Call it park-to-table dining: Denver’s latest response to the increasing population of Canada geese in city parks is at once novel and caveman-esque.
Late last month, Denver residents learned that the Denver Department of Parks and Recreation would be culling geese from parks and donating the meat to families in need. This set off a lively Internet debate between those who view the plan as animal cruelty and those who see geese as a pooping, honking menace.
Regardless of one's stance on this particular idea, few deny that the growth in goose population poses problems. The summer sees about 5,000 geese in the city, with 44,000 nesting pairs between Denver and Colorado Springs — a corridor along the birds’ regular migratory pattern, something to which many commuters can relate.
Geese are not the only varmints troubling the metro area, however. Should the city decide to expand this policy, the following species could go from “delicious nuisance” to “the next food trend.”
The Northern Pike is one of the great foes of Colorado anglers. This invasive species was introduced to the state’s waters in the 1950s and has drastically reduced the population of native fish since then. The fish is known for destroying fishing lines with its sharp teeth and violent temperament. However, if state wildlife officials want to open a new local seafood spot, they could do worse. Once you get past what seems like an alarming amount of bones, the flesh is flaky and flavorful. It can be fried, poached or baked, or otherwise used however you would another white-fleshed fish. Raw preparations are harder to find, though: When reached for comment, one local sushi chef asked, “How did you get my number?”
The trend toward small plates may have ebbed, but once it comes back around, the city could turn its attention to the smallest plate of all: the common mouse. Mice are routinely consumed in other parts of the world, though they are usually fed on natural whole grains rather than poorly stored tortillas. Denver’s mice may not have the organic diet of their country cousins, but nothing beats the convenience of having dinner running around the baseboards of your Cap Hill studio. To lure mice, simply leave scattered handfuls of grain on your floor. It’s like Doordash, but the door is very tiny.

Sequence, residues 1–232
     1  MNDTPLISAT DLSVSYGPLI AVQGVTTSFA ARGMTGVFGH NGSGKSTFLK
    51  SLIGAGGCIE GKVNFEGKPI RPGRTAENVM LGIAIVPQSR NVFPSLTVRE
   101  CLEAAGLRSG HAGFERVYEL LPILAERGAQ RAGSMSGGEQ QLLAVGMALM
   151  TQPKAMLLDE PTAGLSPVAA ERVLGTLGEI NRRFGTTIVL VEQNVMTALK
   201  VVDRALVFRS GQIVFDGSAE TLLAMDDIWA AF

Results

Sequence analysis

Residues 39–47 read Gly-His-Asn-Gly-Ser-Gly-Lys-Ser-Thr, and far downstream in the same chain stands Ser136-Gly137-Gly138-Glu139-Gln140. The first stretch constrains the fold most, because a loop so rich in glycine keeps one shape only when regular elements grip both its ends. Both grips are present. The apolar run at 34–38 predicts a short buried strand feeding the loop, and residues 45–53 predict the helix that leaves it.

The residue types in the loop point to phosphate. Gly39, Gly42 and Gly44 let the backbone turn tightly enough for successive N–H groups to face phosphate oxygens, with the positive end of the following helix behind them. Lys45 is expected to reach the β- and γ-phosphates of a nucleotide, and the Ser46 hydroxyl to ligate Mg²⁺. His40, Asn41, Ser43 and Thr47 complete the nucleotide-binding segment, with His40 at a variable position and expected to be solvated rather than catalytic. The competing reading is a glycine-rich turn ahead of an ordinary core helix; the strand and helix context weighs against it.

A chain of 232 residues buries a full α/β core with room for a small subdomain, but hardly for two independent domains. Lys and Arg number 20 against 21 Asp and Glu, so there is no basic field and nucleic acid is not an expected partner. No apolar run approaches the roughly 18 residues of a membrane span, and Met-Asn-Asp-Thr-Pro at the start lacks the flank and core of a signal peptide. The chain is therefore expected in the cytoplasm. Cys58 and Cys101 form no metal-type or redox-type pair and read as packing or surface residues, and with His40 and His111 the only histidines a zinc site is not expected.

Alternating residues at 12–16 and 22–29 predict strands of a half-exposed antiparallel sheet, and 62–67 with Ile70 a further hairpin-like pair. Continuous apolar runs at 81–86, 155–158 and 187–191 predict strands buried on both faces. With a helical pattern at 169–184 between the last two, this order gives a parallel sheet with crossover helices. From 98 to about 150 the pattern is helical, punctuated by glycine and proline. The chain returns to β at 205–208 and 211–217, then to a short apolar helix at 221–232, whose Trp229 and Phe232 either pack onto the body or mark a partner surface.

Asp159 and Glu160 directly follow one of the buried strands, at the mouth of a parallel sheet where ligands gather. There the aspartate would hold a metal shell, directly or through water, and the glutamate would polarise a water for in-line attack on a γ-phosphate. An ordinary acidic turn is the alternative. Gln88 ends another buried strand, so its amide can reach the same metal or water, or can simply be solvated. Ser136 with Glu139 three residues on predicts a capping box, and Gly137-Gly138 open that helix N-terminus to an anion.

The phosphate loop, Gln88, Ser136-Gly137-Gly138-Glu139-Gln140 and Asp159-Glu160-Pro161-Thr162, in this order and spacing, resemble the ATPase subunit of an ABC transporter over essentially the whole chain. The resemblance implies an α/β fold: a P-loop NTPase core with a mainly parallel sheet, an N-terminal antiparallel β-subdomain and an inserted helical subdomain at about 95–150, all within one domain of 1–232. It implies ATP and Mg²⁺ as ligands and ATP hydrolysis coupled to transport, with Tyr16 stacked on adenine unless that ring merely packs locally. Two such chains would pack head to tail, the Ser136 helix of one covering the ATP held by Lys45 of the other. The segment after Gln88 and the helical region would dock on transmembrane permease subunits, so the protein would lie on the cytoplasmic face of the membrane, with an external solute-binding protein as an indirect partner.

We Believe Local Journalism is Critical to the Life of a City
Engaging with our readers is essential to Westword's mission. Make a financial contribution or sign up for a newsletter, and help us keep telling Denver's stories with no paywalls.
Support Our Journalism
Emerald Ash Borer
Insects have gained favor in recent years as a sustainable and affordable source of protein. Crickets and grasshoppers are among the most popular bug-based treats among adventurous foodies and people trying to weird out their Crossfit group. If the city wants to do more than slap a sticker on ash trees, they could dry-roast the emerald ash borer with a little salt and vinegar. The result is crunchy and salty, but with a tang that comes from malt vinegar and possibly a hint of poison. They may not be fit for human consumption, but neither are most potato chips. This ingredient has the added benefit of preserving the city's ash trees, which are threatened by the spread of the borer. Do your part by showing up to the gym with a baggie of high-protein, low-carb snacks.
One compelling reason for culling an animal population is that they face too much competition to survive in their habitat. With Denver's robust comedy scene drawing more and more amateur jokeslingers to the city, it seems the humane thing for the city to step in. There are even breeding pairs of standup comics, which worry observers. There are flaws in this plan, however. First and foremost, cannibalism is frowned upon. Second, the diet of the average comic is not much better than that of a park-dwelling goose.
Should the city decide to expand its culling plan beyond geese, be on the lookout for these treats on brunch menus and food sites.